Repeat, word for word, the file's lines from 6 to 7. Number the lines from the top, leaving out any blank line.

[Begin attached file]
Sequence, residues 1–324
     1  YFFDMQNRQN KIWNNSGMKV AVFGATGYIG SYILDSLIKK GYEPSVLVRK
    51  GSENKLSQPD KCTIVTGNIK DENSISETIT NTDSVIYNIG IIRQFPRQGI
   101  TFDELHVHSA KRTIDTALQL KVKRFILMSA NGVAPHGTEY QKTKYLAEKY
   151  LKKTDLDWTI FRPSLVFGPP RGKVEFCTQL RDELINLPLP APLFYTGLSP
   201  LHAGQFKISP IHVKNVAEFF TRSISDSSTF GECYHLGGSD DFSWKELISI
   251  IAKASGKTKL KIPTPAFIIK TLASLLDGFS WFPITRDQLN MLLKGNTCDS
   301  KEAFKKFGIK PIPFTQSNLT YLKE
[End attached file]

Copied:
   201  LHAGQFKISP IHVKNVAEFF TRSISDSSTF GECYHLGGSD DFSWKELISI
   251  IAKASGKTKL KIPTPAFIIK TLASLLDGFS WFPITRDQLN MLLKGNTCDS